21.Prins M, Hawkesworth S, Wright A, Fulford AJ, Jarjou LM, Prentice AM, et al. Use of bioelectrical impedance analysis to assess body composition in rural Gambian children. Eur J Clin Nutr. 2008; 62:1065-74.
22.Lang RM, Badano LP, Mor-Avi V, Afilalo J, Armstrong A, Ernande L, et al. Recommendations for cardiac chamber quantification by echocardiography in adults: an update from the American Society of Echocardiography and the European Association of Cardiovascular Imaging. J Am Soc Echocardiogr. 2015; 28:1-39.
23.Bahammam A. Assessment of sleep patterns, daytime sleepiness, and chronotype during Ramadan in fasting and nonfasting individuals. Saudi Med J. 2005; 26:616-22.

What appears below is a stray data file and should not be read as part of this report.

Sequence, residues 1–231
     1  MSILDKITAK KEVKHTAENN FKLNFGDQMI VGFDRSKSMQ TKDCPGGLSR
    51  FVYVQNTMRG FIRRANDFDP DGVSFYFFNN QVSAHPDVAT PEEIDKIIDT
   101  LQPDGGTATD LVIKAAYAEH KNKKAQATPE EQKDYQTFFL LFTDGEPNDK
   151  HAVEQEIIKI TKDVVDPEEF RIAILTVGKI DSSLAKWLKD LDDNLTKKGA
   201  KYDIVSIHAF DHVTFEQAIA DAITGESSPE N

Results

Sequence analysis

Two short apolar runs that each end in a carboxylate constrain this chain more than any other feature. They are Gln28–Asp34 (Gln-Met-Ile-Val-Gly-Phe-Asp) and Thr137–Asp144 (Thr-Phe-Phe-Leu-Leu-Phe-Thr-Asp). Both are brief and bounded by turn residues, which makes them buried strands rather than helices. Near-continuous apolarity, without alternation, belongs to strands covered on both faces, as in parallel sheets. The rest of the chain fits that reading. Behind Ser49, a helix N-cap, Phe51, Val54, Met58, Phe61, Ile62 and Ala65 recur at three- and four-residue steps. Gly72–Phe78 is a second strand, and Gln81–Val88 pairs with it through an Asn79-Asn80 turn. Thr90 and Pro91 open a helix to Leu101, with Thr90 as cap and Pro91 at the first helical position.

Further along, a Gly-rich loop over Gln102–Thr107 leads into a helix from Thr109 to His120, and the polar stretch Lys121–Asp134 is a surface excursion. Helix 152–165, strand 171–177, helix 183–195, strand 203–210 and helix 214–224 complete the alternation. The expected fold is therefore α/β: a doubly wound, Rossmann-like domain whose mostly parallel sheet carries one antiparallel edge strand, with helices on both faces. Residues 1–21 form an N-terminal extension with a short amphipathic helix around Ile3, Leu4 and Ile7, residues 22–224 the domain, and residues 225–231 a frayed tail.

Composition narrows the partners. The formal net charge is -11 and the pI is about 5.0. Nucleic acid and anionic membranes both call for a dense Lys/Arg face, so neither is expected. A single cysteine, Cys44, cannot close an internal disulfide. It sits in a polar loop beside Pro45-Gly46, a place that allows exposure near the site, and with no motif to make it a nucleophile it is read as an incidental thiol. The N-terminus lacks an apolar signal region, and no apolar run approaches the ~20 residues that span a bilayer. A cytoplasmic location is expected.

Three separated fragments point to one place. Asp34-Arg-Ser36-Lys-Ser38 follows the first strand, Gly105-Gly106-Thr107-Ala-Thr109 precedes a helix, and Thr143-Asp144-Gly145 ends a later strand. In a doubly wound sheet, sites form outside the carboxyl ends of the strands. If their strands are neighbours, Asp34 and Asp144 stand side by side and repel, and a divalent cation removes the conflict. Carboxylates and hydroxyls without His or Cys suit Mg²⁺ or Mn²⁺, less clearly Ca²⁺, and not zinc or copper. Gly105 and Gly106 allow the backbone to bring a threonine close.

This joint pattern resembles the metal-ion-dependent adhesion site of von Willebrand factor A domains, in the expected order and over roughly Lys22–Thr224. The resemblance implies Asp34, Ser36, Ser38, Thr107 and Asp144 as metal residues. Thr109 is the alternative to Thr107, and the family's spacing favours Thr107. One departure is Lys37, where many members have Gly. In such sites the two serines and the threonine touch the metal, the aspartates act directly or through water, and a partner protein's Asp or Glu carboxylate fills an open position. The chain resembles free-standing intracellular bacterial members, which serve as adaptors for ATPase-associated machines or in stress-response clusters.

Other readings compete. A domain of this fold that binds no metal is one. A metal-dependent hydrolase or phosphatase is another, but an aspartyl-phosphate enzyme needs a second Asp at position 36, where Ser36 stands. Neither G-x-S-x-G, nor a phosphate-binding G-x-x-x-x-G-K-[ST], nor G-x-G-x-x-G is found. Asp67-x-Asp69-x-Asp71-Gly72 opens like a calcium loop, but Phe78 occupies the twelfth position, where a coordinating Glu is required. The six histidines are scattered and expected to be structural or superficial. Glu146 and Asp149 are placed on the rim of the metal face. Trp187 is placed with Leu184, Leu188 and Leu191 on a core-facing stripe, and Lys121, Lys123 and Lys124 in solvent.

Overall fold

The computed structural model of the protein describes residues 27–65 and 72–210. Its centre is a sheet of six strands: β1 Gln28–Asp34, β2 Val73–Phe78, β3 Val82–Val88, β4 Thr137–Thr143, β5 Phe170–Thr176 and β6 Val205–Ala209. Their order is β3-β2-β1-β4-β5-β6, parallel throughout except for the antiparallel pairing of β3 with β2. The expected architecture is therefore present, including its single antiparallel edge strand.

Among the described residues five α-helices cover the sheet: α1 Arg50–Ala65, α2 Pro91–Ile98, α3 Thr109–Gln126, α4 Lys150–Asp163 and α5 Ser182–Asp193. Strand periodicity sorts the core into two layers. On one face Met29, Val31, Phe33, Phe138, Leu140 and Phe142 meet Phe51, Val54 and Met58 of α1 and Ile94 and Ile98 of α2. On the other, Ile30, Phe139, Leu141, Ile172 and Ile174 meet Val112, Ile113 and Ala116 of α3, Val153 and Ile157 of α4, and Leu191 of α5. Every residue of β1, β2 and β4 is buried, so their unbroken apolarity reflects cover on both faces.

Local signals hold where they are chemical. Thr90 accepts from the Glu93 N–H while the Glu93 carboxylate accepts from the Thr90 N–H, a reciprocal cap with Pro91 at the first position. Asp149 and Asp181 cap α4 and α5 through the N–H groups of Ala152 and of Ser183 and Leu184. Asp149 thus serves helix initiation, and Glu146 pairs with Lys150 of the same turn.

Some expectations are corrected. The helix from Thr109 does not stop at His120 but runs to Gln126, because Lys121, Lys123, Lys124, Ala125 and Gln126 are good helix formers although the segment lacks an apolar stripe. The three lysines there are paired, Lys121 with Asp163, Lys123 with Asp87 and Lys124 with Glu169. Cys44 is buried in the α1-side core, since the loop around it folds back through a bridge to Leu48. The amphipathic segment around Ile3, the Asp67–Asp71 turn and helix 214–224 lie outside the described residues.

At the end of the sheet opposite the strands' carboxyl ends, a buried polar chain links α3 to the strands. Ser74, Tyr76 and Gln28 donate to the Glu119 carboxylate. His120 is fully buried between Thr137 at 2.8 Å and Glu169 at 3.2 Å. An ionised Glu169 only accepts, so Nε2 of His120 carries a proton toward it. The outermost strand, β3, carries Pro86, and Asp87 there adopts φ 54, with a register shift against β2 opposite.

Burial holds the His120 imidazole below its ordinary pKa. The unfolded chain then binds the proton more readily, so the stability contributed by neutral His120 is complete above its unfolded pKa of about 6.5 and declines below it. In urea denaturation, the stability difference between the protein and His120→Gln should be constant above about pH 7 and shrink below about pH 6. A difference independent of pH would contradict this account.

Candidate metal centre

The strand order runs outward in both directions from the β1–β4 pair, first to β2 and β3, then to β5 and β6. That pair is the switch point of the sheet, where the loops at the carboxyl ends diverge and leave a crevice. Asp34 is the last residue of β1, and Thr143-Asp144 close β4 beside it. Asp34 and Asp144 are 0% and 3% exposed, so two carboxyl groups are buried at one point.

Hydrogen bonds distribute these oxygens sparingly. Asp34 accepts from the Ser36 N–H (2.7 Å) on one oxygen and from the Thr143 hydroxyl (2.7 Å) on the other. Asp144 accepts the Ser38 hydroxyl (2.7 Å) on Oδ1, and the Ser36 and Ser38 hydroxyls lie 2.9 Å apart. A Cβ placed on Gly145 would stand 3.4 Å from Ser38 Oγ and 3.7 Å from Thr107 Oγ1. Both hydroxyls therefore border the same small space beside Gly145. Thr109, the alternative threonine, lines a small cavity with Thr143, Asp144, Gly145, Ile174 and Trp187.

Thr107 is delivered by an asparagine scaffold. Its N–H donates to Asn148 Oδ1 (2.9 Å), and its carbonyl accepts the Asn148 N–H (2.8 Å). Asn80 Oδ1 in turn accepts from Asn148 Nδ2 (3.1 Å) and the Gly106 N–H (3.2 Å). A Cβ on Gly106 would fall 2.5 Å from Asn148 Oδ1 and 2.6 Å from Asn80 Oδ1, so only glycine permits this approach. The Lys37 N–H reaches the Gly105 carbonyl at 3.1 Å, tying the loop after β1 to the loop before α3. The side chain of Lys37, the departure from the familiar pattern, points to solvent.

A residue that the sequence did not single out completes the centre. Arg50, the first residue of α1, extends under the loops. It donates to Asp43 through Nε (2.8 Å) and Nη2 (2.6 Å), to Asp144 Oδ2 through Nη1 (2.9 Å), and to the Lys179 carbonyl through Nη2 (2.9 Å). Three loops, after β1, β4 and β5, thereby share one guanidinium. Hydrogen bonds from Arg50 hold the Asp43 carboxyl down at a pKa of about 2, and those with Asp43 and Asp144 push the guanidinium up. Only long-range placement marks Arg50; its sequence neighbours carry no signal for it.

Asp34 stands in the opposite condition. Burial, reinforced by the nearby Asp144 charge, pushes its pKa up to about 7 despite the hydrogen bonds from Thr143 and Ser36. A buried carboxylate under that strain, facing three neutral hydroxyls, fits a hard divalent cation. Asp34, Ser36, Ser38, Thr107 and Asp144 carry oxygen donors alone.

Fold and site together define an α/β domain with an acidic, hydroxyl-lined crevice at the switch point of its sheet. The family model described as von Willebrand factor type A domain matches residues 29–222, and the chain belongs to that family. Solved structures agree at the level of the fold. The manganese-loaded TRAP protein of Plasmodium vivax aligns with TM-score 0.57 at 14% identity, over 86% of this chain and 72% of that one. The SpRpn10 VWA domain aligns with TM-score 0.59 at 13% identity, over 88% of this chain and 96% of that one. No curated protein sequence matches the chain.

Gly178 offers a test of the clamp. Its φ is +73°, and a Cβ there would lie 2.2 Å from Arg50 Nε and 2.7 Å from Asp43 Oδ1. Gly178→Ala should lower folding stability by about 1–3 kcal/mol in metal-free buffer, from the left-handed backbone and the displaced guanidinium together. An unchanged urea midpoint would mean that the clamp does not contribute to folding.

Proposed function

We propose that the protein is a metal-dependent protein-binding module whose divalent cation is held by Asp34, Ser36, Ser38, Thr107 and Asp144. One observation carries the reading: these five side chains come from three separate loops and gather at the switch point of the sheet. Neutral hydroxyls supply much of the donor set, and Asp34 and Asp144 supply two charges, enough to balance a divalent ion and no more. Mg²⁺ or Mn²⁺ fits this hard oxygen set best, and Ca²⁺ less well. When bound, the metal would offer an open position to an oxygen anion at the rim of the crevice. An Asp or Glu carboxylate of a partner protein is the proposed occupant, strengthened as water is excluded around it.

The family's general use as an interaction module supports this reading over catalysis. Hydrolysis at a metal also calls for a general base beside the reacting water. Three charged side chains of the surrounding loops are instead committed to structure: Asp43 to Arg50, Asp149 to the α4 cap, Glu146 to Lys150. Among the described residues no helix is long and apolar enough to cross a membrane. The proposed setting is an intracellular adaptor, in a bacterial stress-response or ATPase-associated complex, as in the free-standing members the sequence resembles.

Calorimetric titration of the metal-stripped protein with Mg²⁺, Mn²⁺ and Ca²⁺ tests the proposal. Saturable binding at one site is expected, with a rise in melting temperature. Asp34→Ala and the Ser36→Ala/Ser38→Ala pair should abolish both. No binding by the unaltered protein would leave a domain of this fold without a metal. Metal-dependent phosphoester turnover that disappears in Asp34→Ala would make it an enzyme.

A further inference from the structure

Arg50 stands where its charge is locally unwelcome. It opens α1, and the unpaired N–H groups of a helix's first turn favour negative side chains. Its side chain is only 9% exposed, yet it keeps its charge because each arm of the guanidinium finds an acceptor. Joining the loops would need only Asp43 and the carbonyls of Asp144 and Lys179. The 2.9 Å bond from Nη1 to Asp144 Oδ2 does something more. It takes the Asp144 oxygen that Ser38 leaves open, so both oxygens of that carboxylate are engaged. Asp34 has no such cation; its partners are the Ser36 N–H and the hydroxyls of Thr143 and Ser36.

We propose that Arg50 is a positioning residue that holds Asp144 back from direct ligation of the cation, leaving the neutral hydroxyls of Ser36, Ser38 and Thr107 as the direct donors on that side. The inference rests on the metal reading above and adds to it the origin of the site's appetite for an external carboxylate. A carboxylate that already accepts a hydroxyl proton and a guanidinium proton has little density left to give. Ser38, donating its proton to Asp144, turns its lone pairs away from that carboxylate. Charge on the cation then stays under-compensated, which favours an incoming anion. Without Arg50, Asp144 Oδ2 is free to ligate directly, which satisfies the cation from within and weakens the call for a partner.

24.Sullivan CA, Kahn SE, Fujimoto WY, Hayashi T, Leonetti DL, Boyko EJ. Change in Intra-Abdominal Fat Predicts the Risk of Hypertension in Japanese Americans. Hypertension. 2015; 66:134-40.
25.Al-Shafei AI. Ramadan fasting ameliorates arterial pulse pressure and lipid profile, and alleviates oxidative stress in hypertensive patients. Blood Press. 2014; 23: 160-7.